Evan Lewis is our guest on the podcast this week, and he’s got some great stories to tell. He started his own company and talks openly about why it failed. After realizing why it happened, he doubled-down on learning sales and is now in the VC world. He’s seen both sides of selling product, and product-led sales. This was a killer episode…
In this podcast, you’ll learn:
- Product sales vs product-centric selling
- What it takes to run super Product sales
- Why the sdr role isn’t the entry point any more
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Product sales vs product-centric selling
John Barrows: So I guess my question for you is how much of the success a company has based off of the product that they sell and the frictionless sale type of approach – versus getting somebody to actually sell it?
Evan Lewis: Man, I could talk all day about this. I’ll give a little bit of backstory to my startup journey and how I was almost on the wrong end of this trend for product, being product-led versus sales led twice. So in my first company, we were trying to build a product-led sales business. And in that case it somewhat made sense because it was an online education app.
We’re trying to go the realm of the universities in the course areas and that type of thing. So self-serve, little friction. So we tried to build a self serve product and then that company failed because we didn’t sell and validate. We didn’t get product market, we didn’t refine what we thought was the core product to get to product fit.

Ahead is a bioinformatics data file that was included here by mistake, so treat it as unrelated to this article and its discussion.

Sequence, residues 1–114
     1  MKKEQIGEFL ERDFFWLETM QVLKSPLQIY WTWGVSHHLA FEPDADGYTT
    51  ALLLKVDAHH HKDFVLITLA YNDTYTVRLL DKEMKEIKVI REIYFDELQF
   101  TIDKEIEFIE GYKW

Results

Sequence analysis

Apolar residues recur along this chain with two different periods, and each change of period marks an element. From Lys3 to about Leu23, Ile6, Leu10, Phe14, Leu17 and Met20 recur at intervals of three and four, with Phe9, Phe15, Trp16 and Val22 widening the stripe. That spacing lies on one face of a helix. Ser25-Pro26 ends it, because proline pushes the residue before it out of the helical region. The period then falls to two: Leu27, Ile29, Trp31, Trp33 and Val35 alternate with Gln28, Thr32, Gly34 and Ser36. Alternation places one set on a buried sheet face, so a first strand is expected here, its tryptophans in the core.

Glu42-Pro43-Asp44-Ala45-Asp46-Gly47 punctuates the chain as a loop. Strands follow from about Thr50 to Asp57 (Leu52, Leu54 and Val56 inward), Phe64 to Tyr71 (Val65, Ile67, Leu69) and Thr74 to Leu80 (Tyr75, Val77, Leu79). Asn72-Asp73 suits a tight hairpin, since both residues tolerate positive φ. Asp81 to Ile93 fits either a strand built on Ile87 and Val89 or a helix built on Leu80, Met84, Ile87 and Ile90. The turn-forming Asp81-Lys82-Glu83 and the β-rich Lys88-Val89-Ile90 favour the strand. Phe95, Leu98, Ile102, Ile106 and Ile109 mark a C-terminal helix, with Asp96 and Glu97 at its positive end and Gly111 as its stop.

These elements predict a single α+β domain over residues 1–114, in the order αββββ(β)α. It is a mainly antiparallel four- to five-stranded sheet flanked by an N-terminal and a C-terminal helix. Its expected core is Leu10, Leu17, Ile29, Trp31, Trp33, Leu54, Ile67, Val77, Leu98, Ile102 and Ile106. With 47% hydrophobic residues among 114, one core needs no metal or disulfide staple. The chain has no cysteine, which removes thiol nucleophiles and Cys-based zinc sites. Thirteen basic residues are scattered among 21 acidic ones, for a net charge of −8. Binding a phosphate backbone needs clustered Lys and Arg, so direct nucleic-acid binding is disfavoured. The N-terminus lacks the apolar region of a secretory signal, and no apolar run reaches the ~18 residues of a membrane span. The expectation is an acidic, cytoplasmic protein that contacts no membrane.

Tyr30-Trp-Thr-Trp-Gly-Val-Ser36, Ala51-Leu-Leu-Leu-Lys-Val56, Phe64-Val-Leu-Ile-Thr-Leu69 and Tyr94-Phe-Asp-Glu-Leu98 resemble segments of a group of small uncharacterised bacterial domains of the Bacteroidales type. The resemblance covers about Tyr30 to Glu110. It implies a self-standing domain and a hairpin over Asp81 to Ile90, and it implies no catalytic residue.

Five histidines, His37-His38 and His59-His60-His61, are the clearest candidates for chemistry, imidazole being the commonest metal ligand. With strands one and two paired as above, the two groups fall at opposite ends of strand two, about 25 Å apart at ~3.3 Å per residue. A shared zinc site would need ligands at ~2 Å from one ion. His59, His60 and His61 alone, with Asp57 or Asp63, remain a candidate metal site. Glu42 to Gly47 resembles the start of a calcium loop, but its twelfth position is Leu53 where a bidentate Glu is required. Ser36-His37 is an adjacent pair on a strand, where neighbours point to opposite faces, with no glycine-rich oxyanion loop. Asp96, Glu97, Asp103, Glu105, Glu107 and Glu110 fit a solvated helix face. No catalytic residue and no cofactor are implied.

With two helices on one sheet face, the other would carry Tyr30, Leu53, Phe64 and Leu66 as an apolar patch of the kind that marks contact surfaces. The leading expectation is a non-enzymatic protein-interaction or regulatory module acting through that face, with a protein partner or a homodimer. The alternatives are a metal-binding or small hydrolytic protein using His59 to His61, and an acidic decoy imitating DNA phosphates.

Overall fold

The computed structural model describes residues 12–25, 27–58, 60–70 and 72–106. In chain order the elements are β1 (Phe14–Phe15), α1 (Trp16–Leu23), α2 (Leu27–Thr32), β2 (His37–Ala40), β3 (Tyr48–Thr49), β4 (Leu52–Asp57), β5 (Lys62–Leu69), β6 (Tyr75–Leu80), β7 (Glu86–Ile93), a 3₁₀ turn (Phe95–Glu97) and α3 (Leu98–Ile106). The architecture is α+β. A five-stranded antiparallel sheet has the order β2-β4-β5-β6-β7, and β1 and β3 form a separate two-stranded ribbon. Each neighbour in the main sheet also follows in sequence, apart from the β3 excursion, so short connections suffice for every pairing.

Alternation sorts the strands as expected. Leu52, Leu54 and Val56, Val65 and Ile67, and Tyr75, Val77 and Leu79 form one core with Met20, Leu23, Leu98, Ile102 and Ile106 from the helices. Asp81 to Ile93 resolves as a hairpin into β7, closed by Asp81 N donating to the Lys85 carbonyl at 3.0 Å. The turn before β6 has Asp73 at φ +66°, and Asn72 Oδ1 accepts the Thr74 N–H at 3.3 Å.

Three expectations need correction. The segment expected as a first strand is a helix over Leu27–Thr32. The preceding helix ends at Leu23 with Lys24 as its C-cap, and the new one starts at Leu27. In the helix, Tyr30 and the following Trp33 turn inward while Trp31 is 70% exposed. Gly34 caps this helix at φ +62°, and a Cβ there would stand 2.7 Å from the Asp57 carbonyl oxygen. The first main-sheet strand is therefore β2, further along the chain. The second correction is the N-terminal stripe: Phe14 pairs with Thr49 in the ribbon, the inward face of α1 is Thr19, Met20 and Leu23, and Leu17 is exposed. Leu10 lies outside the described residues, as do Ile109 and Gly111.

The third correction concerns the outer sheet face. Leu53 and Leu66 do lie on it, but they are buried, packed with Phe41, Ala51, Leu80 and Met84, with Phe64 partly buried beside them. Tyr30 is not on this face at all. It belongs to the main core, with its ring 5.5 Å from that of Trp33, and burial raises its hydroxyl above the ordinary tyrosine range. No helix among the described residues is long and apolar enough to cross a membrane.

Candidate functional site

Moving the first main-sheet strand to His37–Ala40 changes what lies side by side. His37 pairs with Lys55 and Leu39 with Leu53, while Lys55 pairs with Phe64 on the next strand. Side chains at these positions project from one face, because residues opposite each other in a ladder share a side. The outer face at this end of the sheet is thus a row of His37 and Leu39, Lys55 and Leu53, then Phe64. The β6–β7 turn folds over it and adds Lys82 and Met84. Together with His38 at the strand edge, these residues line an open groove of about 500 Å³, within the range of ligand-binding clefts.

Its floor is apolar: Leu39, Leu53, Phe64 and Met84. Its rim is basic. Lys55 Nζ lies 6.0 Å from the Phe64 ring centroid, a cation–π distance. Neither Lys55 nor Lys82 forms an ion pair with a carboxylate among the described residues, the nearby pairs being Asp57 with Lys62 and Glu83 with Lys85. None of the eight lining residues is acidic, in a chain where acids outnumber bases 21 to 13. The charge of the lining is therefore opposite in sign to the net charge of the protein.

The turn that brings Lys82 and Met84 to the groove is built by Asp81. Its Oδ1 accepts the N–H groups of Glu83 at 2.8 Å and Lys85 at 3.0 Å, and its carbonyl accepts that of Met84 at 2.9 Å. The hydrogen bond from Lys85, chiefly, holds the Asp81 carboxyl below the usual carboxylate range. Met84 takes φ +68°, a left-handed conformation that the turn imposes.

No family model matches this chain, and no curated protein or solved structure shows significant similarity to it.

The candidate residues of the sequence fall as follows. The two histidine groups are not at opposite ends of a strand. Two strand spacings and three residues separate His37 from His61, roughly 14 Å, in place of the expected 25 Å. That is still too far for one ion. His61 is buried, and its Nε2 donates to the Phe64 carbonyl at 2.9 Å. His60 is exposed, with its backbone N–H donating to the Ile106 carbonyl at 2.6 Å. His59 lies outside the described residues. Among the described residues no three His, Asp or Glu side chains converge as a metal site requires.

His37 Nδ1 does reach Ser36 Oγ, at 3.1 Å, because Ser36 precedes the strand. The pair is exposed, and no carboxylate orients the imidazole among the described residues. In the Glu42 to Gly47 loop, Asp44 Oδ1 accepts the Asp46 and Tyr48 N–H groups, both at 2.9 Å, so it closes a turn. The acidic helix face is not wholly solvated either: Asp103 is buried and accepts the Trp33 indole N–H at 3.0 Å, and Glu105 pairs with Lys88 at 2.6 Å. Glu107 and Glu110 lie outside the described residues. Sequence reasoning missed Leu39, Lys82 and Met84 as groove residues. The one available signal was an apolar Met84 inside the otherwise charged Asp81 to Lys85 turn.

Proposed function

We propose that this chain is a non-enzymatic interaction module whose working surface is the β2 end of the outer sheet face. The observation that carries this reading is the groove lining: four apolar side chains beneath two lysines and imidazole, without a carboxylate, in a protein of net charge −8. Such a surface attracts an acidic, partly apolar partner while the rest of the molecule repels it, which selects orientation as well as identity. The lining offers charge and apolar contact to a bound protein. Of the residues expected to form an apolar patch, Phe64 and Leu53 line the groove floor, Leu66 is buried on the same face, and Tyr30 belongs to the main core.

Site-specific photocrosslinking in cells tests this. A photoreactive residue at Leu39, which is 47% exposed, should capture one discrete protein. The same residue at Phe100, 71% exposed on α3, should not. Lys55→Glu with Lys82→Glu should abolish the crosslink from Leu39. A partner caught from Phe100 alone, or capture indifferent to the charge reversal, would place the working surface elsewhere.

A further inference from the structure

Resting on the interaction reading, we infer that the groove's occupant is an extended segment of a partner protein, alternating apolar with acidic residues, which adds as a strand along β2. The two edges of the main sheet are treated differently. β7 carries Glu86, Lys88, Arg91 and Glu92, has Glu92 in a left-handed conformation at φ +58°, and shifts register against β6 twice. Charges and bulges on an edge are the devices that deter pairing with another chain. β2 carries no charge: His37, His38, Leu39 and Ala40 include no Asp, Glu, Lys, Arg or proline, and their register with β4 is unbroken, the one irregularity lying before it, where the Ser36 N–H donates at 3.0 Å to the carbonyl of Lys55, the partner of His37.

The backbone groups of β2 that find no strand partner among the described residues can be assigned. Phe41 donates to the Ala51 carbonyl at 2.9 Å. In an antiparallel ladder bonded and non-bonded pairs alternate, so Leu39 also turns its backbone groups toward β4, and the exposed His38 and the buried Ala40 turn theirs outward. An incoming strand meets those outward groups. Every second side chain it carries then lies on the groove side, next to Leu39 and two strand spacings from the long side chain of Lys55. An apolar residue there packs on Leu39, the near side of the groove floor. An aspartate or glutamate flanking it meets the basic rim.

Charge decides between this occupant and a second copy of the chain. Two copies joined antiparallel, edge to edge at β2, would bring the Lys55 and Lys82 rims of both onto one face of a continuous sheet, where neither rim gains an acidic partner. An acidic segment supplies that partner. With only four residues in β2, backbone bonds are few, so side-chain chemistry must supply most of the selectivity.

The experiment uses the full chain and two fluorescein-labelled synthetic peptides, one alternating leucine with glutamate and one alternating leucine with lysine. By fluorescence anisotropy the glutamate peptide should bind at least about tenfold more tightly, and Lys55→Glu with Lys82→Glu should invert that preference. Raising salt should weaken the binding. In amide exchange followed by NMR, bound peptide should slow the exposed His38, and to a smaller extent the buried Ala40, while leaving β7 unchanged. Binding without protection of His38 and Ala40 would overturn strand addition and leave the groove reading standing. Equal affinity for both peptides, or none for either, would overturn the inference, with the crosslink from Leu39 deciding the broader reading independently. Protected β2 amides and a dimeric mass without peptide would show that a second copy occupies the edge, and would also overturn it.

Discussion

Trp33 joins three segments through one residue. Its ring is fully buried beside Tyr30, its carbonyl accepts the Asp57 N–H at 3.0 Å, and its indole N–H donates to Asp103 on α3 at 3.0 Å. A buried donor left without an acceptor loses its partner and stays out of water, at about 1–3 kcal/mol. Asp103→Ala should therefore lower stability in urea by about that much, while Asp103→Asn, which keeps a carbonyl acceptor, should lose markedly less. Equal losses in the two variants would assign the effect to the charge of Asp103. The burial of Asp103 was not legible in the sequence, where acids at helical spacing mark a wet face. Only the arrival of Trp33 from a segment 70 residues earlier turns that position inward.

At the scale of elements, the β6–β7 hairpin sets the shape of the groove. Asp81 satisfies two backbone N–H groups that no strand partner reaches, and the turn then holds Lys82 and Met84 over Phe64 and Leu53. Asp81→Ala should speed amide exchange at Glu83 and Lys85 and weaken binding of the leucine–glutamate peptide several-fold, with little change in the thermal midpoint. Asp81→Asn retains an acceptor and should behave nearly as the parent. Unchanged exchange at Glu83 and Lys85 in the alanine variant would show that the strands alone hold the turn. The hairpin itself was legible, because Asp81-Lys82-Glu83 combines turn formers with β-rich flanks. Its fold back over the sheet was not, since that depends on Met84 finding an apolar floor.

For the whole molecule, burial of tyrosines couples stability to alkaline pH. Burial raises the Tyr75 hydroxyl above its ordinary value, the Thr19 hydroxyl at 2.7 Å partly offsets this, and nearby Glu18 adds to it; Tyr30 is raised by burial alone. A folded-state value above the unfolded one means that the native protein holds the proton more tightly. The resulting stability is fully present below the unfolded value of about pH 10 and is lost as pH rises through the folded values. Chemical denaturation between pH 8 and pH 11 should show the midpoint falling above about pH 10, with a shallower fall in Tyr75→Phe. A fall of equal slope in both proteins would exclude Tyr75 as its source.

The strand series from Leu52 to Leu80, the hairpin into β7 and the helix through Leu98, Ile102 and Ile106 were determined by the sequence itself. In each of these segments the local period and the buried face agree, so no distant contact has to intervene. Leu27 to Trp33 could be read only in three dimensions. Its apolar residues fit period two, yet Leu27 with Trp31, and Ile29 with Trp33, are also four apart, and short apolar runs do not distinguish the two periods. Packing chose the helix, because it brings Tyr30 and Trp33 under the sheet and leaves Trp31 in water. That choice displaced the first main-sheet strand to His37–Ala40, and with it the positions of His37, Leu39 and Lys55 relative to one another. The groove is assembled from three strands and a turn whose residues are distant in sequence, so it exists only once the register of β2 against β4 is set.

So I realize that I need to learn to sell, really well. So then at PostBeyond, in the early days we learned to sell extremely well and we were a very Sales and CS heavy business.
We had a lot of muscle and the go to market side. I think the amazing thing about a product-led sales model is the accountability that it brings to the organization in terms of stickiness. So, making sure that ultimately, ahead of someone actually giving you their money, that they’re going to get value and utility, right? If you can prove that at a small scale, chances are you can prove that at a larger scale.
That’s the struggle with being sales led. We could sell a $50,000 deal. Or we could sell a 10,000 license program but get a low adoption rate, with high churn.
That’s ultimately where it is now my in view, you could get away with that 5 years ago maybe but not now. The experience counts for way more on the buyer’s side.
What it takes to run super Product sales
Evan Lewis: The beauty of the product-led sales model is the accountability you have on keeping that customer happy. It puts the sales rep in a better position, they’re able to be a useful resource and help the lead get a better return from something they already use. They’re not beating the door down.
I’ve had a few good examples of how the buying experience has been way easier recently with product-led sales. Think about a Dropbox type of company for the example, I’ve had a great experience with a company like them and a bad one with a similar company.